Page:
New Responsibilities for Boma Helath Teams
Boma health teams in South Sudan’s nascent Boma Health Initiative community health program have taken on COVID-19 response in addition to their mandate to provide health promotion and information dissemination and to implement integrated community case management (iCCM), providing basic diagnostic and curative services for common causes of child mortality.
On March 14, Zambia’s government instituted mandatory 14-day quarantine for anyone entering Zambia from any country with confirmed cases of COVID-19 and announced mandatory isolation for any suspected or confirmed cases. Three days later, school closures were announced, and on March 18, the first two cases—a couple who vacationed in France—were identified. Additional restrictions limit gatherings to 50 people and shutter bars, casinos, cinemas, and gyms; restaurants provide only takeout. Church services are not forbidden, but many congregations do not meet. Travel to and from Lusaka—the COVID-19 epicenter—is discouraged. The Ministry of Health encourages people to avoid crowded places, observe social distancing, and clean their hands; mask wearing in public is mandated, and shops do not admit unmasked shoppers.
Community-Level Response: As the CHAMPS catchment has seen no cases, preparation and prevention are at the forefront. Across the area, 123 community health workers and 15 health facility staff have been oriented on COVID-19 signs, symptoms, and prevention using the materials created as part of CMMB’s global response. With these materials, they will be able to sensitize village neighbors. Four handwashing stations were placed at the district entrance to screen travelers; 26 additional stations have been sited at health facilities, and 22 cases of hand sanitizer and 22 cases of soap have been distributed. PPE for the community health workers and MOH staff have been procured, as well as 10 infrared thermometers, oxygen concentrators, antibiotics and painkillers, and megaphones for use during facility-level sensitizations are on order.
Continued DREAMS, with Modifications: DREAMS centers, attempting to reduce HIV incidence in young women, have reopened for essential services, including distribution of HIV self-test kits and reproductive health needs, although service uptake has lagged as parents withdrew permission for attendance. Still, girls across all 15 DREAMS centers have begun sewing masks, and in one week, sewed 790, sold 271, and raised just over US$100 in one week. Participants wear masks and observe social distancing. Closure of community institutions that once served as safe spaces (e.g., churches and schools) has put a pause on that activity.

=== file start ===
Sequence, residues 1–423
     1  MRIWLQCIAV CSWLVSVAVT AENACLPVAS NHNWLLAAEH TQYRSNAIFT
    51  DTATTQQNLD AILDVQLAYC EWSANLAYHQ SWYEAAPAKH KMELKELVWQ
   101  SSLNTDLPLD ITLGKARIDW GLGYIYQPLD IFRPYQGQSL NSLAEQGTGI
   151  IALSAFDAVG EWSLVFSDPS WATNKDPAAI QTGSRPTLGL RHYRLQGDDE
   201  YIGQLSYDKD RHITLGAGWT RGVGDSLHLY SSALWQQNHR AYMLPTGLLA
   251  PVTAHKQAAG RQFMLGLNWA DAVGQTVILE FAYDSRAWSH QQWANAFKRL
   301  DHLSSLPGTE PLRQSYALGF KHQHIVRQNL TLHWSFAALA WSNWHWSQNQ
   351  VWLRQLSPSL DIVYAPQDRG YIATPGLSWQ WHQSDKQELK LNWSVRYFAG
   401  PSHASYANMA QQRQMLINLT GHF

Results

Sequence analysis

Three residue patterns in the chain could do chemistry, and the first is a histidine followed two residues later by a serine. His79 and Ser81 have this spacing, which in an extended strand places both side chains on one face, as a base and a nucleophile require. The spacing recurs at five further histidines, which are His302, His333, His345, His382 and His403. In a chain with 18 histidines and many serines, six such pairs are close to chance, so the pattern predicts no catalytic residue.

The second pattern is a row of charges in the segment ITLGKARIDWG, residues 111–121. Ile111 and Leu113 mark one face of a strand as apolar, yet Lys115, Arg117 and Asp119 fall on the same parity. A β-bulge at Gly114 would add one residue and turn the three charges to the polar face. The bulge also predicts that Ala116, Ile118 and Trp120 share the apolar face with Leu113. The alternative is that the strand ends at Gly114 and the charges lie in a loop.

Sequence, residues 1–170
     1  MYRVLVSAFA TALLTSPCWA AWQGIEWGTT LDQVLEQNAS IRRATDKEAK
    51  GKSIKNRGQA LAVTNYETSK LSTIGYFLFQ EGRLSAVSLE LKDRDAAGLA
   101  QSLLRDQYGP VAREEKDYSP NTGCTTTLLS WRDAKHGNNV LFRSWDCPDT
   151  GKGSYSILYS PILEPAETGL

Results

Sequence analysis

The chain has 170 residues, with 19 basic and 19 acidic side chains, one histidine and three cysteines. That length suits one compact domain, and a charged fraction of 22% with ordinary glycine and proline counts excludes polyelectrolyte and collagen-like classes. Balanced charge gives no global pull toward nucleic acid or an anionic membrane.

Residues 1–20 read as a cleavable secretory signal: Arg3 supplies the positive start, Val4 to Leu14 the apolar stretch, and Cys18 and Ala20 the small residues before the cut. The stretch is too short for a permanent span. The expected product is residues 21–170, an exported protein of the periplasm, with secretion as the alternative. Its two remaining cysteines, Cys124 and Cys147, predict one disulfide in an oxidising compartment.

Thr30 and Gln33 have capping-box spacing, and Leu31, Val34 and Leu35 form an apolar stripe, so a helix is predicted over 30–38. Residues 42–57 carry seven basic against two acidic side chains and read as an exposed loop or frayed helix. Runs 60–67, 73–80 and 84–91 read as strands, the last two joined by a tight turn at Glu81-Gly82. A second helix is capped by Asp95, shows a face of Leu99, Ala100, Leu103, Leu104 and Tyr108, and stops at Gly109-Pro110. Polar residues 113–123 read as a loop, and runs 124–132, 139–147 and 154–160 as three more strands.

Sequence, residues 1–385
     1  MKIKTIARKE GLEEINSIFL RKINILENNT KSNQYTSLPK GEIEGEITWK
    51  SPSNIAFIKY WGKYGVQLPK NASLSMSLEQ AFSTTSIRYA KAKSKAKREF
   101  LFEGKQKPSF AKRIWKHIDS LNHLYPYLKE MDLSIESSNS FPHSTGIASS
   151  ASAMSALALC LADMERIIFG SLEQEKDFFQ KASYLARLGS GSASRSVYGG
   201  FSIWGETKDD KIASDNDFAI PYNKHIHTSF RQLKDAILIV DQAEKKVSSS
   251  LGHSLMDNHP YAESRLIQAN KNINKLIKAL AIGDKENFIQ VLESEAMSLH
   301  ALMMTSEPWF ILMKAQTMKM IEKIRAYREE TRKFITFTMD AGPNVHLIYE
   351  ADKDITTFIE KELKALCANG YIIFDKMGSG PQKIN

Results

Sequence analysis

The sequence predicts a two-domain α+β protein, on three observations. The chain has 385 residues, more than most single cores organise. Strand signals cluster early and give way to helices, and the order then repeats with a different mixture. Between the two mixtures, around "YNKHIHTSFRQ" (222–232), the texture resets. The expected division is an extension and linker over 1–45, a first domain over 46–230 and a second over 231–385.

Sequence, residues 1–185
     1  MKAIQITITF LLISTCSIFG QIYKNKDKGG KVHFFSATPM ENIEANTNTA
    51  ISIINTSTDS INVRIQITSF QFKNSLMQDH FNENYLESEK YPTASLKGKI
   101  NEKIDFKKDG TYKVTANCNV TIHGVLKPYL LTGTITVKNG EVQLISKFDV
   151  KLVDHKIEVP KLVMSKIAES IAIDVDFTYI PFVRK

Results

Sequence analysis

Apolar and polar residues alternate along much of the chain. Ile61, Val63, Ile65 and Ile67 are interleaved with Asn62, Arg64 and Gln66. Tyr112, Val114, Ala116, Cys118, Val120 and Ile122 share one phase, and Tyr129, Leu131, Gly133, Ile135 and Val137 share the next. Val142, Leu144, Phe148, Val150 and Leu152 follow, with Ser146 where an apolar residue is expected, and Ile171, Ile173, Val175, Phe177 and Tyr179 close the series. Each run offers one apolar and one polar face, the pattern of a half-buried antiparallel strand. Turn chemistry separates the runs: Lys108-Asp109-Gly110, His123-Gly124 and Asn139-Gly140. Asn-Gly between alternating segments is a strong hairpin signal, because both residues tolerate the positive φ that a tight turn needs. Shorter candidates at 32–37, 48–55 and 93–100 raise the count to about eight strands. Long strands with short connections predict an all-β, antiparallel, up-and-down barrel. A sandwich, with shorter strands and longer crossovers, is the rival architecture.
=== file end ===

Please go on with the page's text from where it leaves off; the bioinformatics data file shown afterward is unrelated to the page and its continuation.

Protecting Orphans and Vulnerable Children: MMB’s GHR-funded Kusamala project did door-to-door sensitization and approached community members at markets and water points and in stores and childcare facilities. Thirty project volunteers and five staff were oriented on COVID-19 prevention.
Other Ongoing Activities: Eight community radio programs on HIV, now incorporating COVID-19 awareness messaging, have aired in three locations. USAID has encouraged managers of USAID-funded projects to use project funds to procure adequate supplies and equipment to protect staff; similarly at one-stop centers implemented by the Sexual and Gender-Based Violence project, funded by the European Union, face masks and gloves were provided for health workers and other staff, along with handwashing facilities and hand sanitizer; and all project vehicles have been equipped with hand sanitizer. Because the project was to end just as COVID-19 arrived in Zambia, the donor provided a month-long no-cost extension. A training on Champions of Change for COVID-19 has been conducted, with distribution of necessary prevention supplies. Reporting of cases of violence has been encouraged by police, community radio, and printed media; phone counseling on stress management for caregivers coping with challenges has been provided; and the project-established linkage and referral network from church to community continued to be nurtured and used.
We continue our work with partners from around the world to provide those we serve with the knowledge and resources they need to stay safe. The support of our donors have made our ongoing emergency response possible, but the threat of COVID-19 is far from over.